Roy and Independent Thinking go back a long way. He is an inspirational speaker, a recent graduate of Cambridge MA programme and the author of many books around the processes of change, growth, creativity and making schools more humane places.
How can I get the positive behaviour for learning right and reduce conflict in my classroom?
We asked Associate, author and international trainer Roy Leighton for his views and this is what he said.
Scroll down for a transcript of Roy's response
“To support positive behaviour for learning in classrooms - the most efficient thing is to get the preparation right and there are two elements of preparation that I’d like to talk about.
One is the practical, the analytical, the rational element if you like and the other is the emotional - the thing that tends to kick off badly in terms of behaviour management.
Why Are We Here?
The emotional is made upon the intuitive and the spiritual. So, those two elements of the rational and what's known as a trans-rational.
So, how to prepare for your rational is to keep it very explicit and use a state of learning and change that you can repeat again and again.
You can return to just to check in if people are having some difficulties to diffuse any frustrations or to remind people of a time when you were working well with each other.
So, the process is called the ‘PUPIL process’ and it's an acronym meaning what is our Purpose today?
Why are we doing math? Why are we here? Why are we learning?
Clarify the purpose of it, not just in terms of the learning outcomes but it can be other aspects of it such as it’s going to be enjoyable, it's going to be a challenge and again, depending upon the ability and the age of the group then it's up to you as the educator to find the hook for them to see the purpose.
For some of them it will be very straightforward such as it's going to help them get an exam and that's good enough for some students, but for others they want to know, well, what more?
So, understand that your purpose motivator is absolutely in line with the needs of those students, whoever they are.
A Way Out of Conflict
Get your purpose right and that leads onto Understand – so, okay based upon this purpose, let's understand who we are, how we're going to work together and what are our our roles now to fulfil that purpose, what are our responsibilities and what are our rewards?
You can clarify this by even having them written out or you can have a display to return to because when conflict begins to happen, you go ‘Hang on guys, we said we were going to act like this. These are our roles, responsibilities, and rewards’.
So, it's giving them a way out of a conflict, and you can't do that unless you've got an agreement in advance.
What's The Plan?
Once you've got the roles, responsibilities, and rewards then you can come up with a Plan.
So, let's agree the plan. We're going to study in this way. We're going to learn like this. This is the timeline for it and decide how we're going to work and in these the groups.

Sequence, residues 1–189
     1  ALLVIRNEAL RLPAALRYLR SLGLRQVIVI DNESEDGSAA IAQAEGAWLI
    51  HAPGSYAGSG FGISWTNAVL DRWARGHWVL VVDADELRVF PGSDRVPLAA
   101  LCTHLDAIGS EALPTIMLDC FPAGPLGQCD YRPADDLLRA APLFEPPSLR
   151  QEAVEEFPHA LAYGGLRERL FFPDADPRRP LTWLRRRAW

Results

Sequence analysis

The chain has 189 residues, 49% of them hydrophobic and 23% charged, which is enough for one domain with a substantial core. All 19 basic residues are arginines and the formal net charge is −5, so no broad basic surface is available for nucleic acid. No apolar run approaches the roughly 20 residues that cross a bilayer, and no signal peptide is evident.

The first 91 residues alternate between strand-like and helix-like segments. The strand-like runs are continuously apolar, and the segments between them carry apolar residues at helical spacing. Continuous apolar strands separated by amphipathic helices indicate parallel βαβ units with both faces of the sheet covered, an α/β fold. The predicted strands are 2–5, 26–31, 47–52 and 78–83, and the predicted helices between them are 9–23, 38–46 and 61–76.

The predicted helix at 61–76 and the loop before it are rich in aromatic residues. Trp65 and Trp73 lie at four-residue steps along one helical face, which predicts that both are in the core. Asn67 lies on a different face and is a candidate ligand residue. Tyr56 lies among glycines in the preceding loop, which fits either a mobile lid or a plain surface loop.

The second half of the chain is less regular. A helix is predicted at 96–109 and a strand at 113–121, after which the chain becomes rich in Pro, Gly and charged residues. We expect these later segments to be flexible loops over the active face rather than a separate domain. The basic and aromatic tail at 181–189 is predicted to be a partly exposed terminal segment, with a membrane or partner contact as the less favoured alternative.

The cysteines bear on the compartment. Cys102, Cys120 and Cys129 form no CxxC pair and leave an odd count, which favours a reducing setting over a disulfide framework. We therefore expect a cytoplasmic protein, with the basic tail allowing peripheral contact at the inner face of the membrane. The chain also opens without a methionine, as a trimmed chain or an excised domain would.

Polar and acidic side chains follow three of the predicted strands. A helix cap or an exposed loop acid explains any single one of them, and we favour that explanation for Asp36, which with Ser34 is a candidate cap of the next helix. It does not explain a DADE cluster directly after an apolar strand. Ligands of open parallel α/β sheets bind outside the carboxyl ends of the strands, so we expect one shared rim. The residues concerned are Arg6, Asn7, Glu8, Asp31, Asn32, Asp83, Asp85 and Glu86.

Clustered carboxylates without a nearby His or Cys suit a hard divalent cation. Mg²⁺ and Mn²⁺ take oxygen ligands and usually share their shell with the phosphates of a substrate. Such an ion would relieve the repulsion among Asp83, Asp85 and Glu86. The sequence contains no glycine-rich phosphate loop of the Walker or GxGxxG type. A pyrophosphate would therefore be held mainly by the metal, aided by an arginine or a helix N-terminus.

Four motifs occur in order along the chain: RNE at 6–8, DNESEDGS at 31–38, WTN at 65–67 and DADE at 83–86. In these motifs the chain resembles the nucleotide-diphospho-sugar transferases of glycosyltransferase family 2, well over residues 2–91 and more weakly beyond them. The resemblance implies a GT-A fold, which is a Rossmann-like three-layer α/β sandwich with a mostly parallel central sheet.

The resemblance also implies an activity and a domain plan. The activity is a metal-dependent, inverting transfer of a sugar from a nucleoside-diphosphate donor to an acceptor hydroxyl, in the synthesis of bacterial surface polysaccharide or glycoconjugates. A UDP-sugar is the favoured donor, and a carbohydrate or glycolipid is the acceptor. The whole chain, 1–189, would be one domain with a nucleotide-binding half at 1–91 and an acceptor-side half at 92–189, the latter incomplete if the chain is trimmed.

And then, act upon the actual engagement of the learning process which is usually where the conflict manifests itself, because people are feeling disengaged or confused and this is a way of observing that behaviour, whether it's face to face or online because, then, the same process will help manage that behaviour and that level of engagement.
Proceed to Check In
Finally, the evaluation, which is an ongoing element of this, but it means checking in and finding out what's working, what you need to keep, what you need to develop, what you need to let go of and embed it.
Then we evaluate and then we embed it by going through the process again.
So, if you can bring that language of learning as part of the structure for every lesson that will help your behaviour.
Be the Change
The second element of this is the transrational, or the development of character, because what you'll need through the process of this is to be open, to be kind, to ‘be the change’ by being actively engaged in the change or learning process, to believe the evidence and be able to change your behaviours and change your mind if need be and, to be consistent.
So, you can use that language to say “OK, we need to be open here, how open are you to this, how kind are you?”.
So, you can use that language if someone's behaviour is beginning to kick off by asking the “Was that kind? Were you open? What closed you down? Were you a little inconsistent there?”
So, you can use these as a way of returning to that contract in terms of behaviour management that you've set up either explicitly or implicitly.
The Five Aspects of Character
And finally, one interesting thing from a system's point of view are these five aspects of character or the trans-rational fit in very well with the rational process because when you're clarifying your purpose you need to be open.
Also, when you are understanding roles, responsibilities and rewards you also need to be kind.
When you're developing the plan, you need to be the change.
When you are acting upon the plan and doing the learning you need to believe the emerging evidence and be critical about that and have some reflective process.
And, when you want to evaluate this, you need to be consistent.
Those rational and transrational skills, if they are introduced at the beginning of any learning experience and repeated throughout it, will always give you a framework for not only managing the conflict, but using it to your advantage and using it as a means of developing the competencies, both the academic and the practical, as well as the emotional and the spiritual of your children.”
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